The rise of the immigrant entrepreneur

entrepreneurshipblogpostAmong skilled immigrants in Toronto, there is a growing emphasis on self-employment and entrepreneurship.  According to the report from the Metcalf Foundation and Maytree “Immigrant Self-Employment and Entrepreneurship in the GTA,” by the late 2000s, 19% of Canada’s immigrants were self-employed, and were more likely than Canadian-born individuals to be self-employed.

For many new immigrants in particular, starting their own business is an attractive alternative employment strategy. The report from the Newcomer Women’s Services Toronto “The Economy and Resilience of Newcomers (EARN)” found that newcomers are more likely to enter into self-employment as a result of labour market difficulties than more established immigrants. In a labour market characterized by increasing temporary, part-time and casual employment, and decreasing permanent, professional job opportunities, the rising interest in entrepreneurialism is thus understandable.

Despite the fact that entrepreneurism can be a successful strategy for new immigrants, immigrants do still face a number of challenges and barriers. For example, the Metcalf/Maytree report noted that potential entrepreneurs need more organized support for creating business plans, expanding professional networks, and more start-up finance opportunities. However, if immigrant entrepreneurs are able to overcome these barriers, they have the potential to have a major impact not only for their own employment success but for many others in the region as well.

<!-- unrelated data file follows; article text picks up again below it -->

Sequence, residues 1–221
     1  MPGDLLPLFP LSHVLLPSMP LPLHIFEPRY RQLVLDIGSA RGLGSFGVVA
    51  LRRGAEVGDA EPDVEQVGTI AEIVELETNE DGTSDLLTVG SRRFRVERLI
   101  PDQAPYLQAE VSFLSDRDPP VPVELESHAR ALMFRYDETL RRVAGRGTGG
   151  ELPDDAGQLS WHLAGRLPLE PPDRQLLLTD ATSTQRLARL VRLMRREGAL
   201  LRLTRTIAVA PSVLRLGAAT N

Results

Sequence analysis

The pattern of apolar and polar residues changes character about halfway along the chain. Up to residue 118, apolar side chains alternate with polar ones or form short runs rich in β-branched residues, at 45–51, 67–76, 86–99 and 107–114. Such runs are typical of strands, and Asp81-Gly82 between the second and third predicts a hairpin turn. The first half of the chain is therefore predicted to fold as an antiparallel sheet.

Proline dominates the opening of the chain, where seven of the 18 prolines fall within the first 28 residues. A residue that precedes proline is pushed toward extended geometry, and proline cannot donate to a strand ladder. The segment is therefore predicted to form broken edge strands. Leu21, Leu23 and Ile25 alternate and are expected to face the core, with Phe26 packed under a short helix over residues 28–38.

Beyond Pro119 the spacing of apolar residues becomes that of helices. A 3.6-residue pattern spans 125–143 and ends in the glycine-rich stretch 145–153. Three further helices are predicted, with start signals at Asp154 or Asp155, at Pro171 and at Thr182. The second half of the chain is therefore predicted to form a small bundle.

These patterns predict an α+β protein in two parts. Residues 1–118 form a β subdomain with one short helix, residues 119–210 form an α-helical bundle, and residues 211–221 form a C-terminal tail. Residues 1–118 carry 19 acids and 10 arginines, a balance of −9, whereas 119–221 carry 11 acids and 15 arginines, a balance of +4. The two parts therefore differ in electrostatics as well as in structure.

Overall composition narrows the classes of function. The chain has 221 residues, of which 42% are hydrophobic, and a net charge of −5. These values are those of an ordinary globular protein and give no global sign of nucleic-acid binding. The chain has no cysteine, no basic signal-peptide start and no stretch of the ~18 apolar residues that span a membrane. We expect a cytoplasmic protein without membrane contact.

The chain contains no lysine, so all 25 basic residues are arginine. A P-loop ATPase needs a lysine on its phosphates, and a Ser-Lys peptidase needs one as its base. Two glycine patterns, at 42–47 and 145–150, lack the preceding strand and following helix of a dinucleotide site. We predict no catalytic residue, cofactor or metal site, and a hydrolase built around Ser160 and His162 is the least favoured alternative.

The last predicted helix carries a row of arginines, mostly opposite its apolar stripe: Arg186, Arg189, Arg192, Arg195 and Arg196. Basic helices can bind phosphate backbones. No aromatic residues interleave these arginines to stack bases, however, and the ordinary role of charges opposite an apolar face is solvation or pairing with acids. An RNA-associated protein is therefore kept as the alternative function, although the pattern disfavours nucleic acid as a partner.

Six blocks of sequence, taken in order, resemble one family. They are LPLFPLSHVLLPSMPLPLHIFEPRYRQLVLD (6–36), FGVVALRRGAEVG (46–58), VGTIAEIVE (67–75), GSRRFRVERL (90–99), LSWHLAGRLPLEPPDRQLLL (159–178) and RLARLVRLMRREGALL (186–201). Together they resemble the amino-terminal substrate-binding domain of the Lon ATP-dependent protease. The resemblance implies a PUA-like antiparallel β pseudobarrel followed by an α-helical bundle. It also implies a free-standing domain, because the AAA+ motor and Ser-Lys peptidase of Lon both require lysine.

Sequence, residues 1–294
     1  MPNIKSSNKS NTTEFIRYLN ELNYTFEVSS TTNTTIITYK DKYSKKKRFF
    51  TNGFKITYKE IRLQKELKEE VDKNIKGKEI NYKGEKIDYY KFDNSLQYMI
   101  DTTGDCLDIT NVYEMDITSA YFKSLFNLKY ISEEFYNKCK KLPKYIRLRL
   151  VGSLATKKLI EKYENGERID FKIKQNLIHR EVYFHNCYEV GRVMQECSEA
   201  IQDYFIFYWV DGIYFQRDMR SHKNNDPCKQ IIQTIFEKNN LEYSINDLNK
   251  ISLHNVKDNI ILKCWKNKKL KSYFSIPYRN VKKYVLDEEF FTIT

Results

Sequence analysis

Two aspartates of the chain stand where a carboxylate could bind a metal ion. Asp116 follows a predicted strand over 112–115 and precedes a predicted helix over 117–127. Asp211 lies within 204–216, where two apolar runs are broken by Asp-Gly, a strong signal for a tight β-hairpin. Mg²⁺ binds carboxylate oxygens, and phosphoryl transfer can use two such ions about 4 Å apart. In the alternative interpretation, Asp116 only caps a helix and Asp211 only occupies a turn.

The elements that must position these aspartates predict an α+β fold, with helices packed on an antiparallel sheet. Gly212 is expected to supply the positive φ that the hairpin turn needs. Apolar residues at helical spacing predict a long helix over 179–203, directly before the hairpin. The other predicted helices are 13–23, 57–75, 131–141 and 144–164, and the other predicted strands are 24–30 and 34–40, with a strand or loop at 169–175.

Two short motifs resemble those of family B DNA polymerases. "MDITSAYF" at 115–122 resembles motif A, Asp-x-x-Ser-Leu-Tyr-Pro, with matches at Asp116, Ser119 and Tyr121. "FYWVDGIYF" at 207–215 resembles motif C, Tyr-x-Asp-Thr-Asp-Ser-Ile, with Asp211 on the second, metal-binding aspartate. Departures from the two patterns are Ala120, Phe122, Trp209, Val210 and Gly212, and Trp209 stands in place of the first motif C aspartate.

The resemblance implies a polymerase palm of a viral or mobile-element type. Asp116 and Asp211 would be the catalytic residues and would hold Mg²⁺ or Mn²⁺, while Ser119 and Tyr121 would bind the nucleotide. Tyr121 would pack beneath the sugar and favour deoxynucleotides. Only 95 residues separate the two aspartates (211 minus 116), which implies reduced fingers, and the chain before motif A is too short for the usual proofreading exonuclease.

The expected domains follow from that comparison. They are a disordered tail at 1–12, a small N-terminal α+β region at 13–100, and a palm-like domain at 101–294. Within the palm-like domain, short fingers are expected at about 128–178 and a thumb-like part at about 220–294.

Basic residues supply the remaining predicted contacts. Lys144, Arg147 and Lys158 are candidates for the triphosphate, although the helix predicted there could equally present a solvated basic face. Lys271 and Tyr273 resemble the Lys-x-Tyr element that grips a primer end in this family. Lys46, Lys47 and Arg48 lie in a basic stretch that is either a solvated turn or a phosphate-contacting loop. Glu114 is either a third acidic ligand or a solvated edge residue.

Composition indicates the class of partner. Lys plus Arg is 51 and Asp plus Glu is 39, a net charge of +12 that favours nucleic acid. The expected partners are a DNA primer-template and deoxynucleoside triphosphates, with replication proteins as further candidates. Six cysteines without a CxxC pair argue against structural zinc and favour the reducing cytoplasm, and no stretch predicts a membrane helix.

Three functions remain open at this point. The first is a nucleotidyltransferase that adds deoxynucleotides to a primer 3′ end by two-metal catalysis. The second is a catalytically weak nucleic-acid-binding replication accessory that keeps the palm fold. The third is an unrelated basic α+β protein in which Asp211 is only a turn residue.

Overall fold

We have compiled a selection of resources that are available to help new immigrants their entrepreneurial journey. Check them out.

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